Sighting surveys are the standard scientific method of estimating the abundance of many species of wildlife. The cetacean surveys in the LAPE all used transect methods, by which a survey vessel steams along a pre-selected track while a team of observers and recorders scan the vicinity for cetaceans. When a sighting is made the vessel diverts to collect additional information such as species identification, estimating the number of animals (pod size), looking for the presence of calves and also taking photographs.
Sighting surveys are dependent on sea and weather conditions. Primary sightings are those collected when the conditions are better than specified standards (minimum visibility of 3 n. mi. and maximum of Beaufort Force 4 winds in large-scale surveys and Force 3 in small-scale surveys). Only information collected during primary sighting conditions is usually used for statistical abundance estimation as poor sighting conditions introduce obvious biases in the ability of observers to see the cetaceans.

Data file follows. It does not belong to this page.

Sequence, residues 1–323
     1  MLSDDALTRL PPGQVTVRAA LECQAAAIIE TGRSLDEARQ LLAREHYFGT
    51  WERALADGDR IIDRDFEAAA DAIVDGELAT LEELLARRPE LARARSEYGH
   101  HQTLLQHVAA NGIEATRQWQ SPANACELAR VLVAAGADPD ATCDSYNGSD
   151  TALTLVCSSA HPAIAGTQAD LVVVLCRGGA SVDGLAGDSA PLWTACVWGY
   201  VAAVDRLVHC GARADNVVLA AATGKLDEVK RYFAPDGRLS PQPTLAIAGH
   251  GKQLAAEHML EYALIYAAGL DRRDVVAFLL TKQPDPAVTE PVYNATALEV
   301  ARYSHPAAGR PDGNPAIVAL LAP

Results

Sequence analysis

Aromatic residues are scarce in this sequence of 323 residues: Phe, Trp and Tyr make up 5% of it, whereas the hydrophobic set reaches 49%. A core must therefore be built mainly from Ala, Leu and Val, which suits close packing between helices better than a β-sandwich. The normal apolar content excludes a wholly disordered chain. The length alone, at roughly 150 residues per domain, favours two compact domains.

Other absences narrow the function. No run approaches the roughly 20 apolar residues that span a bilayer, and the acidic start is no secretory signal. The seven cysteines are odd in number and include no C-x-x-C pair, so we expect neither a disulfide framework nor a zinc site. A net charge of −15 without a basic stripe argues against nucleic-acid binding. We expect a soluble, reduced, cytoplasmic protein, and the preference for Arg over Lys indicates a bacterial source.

The large-scale surveys were both conducted from large research ships over approximately 4 weeks at sea, in 2004 and 2006.
Small-scale surveys were conducted in 2004 and 2005 under the LAPE project. These data were amalgamated with data from 2000 to 2003 for surveys previously conducted by some of the countries in the area. Small-scale surveys were usually conducted from sport fishing boats in a series of four to seven day trips.